KINGSTON, R.I. – August 5, 2019 – University of Rhode Island College of Engineering alumnus Robert Hernandez has been named a recipient of the Presidential Early Career Award in Science and Engineering, the nation’s highest award for scientists and engineers in the early stages of their research careers.
Hernandez earned his master’s degree in electrical engineering from URI in 2010 and his doctorate in computer engineering from the University in 2014.
“I was in total disbelief when I found out that I won the award. As I read the e-mail further, it began to sink in,” said Hernandez in response to the award announcement made by President Donald J. Trump on July 2.
Hernandez was nominated for the award by the Naval Undersea Warfare Center Division Newport, where he worked for more than 21 years as a heavyweight torpedo systems engineer. This is the first time a NUWC Division Newport employee has won the early career award.
When Hernandez selected the subject for his doctoral studies, he chose a topic that would help in his role at NUWC.
“My position with the Navy required that I perform research into future tentative architectures to be utilized for future systems,” Hernandez said. “I felt that the doctoral program in computer engineering at URI would prepare me to perform this research. Additionally, it had been a lifelong goal of mine to earn a Ph.D.”
The title of Hernandez’s dissertation was, “SVM-Based Volitional Artificial Leg Control Via Ubiquitous Small and Low Power Architectures.”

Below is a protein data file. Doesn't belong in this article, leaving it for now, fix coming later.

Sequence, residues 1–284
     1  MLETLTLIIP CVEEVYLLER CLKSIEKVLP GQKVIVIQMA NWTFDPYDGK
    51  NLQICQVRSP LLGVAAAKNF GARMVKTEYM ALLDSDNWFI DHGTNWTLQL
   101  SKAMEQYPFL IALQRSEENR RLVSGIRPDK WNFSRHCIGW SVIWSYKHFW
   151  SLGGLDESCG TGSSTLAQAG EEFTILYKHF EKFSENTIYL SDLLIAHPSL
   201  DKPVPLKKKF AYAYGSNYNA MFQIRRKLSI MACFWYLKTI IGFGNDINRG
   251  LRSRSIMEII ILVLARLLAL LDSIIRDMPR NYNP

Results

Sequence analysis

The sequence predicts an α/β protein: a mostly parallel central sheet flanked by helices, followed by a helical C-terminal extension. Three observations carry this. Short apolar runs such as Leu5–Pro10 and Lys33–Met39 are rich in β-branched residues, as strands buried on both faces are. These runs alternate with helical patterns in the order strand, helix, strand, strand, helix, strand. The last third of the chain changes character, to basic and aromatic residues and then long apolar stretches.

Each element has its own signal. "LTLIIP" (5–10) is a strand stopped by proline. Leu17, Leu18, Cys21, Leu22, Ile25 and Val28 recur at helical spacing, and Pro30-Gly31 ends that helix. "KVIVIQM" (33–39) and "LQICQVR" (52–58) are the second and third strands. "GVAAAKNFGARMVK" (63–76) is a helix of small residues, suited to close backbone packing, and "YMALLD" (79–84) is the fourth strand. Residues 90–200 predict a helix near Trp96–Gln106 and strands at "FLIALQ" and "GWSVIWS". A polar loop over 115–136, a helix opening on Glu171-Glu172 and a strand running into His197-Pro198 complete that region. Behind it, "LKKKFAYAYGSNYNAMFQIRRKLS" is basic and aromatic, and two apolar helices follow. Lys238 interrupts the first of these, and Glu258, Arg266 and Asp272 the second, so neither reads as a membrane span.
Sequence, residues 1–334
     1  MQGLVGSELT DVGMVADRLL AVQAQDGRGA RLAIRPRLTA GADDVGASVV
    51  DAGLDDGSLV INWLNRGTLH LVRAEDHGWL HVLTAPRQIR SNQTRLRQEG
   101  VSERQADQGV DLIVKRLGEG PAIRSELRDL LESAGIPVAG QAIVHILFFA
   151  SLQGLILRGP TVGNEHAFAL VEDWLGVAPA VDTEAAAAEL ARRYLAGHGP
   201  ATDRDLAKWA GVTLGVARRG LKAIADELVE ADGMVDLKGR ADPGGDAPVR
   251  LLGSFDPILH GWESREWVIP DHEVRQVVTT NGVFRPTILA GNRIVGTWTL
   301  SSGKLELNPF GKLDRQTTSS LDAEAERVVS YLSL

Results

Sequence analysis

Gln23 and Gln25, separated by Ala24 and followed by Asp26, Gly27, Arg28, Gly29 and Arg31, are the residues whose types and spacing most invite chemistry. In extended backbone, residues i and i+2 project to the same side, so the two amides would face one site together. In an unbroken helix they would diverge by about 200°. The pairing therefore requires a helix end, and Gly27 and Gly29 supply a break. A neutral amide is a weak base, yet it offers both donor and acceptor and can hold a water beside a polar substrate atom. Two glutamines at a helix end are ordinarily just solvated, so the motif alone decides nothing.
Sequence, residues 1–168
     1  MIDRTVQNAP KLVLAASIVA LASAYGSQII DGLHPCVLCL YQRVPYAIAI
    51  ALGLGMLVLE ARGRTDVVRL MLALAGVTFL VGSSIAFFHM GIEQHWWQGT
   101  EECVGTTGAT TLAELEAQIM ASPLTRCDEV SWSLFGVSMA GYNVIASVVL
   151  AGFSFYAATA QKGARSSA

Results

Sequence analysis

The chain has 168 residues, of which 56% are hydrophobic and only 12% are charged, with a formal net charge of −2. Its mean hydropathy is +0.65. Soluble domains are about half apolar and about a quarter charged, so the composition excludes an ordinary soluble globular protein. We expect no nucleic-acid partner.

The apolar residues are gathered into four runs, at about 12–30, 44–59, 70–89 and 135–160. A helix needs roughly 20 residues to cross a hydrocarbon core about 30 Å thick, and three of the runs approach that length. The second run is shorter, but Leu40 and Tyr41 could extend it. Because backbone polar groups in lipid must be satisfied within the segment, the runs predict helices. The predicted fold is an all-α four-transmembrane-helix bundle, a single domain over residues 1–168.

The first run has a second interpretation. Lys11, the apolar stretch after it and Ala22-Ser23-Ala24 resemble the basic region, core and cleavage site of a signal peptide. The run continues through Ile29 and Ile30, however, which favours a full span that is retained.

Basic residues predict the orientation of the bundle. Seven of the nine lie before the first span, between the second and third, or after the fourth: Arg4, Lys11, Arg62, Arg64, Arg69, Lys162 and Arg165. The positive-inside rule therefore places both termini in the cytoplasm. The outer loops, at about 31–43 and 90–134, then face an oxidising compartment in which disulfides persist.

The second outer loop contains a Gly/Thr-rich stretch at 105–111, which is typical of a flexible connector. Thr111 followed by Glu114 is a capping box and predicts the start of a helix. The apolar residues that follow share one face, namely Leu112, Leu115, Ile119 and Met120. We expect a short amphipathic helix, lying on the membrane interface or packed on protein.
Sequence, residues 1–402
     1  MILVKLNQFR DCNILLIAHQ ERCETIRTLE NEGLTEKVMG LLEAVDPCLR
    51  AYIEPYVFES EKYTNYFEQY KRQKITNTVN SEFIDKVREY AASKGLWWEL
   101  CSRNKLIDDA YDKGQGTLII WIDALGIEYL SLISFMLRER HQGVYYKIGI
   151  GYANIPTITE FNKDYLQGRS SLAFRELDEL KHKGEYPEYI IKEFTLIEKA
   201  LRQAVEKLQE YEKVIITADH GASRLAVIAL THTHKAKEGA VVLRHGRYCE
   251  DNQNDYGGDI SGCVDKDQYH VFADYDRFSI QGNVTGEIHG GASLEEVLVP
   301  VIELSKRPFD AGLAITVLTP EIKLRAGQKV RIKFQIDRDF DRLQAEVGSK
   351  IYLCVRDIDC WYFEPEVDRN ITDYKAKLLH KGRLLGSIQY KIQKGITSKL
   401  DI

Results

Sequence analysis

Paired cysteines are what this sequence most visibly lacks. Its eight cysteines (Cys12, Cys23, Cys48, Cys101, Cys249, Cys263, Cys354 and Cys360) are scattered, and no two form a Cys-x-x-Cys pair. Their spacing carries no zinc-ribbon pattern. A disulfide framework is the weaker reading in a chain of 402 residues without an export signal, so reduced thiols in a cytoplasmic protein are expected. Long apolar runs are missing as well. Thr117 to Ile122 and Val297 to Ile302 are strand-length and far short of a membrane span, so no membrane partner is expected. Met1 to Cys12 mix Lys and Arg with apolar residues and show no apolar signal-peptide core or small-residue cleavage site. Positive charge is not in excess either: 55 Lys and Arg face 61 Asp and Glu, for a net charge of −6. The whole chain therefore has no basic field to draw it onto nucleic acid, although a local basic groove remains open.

“The challenges were developing and optimizing software to target a small, low power Intel Atom architecture, whereas the original architecture was a full-sized tower,” stated Hernandez. “Overall, the research resulted in various papers, one of which listed the guidelines of how to determine the best architectural solution to meet your system requirements. These guidelines were utilized for NUWC’s torpedo systems.”
The advisor for Hernandez’s doctoral studies was Distinguished Engineering Professor Qing Yang.
“Rob was a mature and highly motivated student, with excellent analytical skills,” said Yang.
Yang was one of many URI engineering professors who helped Hernandez through his doctoral studies.
“Not only are the professors experts in their respective fields, but more importantly, they are available to guide you whenever you hit a brick wall,” said Hernandez. “URI’s engineering faculty are ready, able and willing to provide the necessary mentorship needed to make you successful.”
Hernandez recently retired from NUWC and lives in Middletown, Rhode Island with his wife Debra. The couple is expecting to move to Brooklyn, New York in the coming months, where the engineer grew up.
The early career award acknowledges the contributions scientists and engineers have made to the advancement of science, technology, engineering and mathematics (STEM) education and to community service as demonstrated by scientific leadership, public education and community outreach.
Established in 1996, The White House Office of Science and Technology Policy coordinates the award program with participating departments and agencies.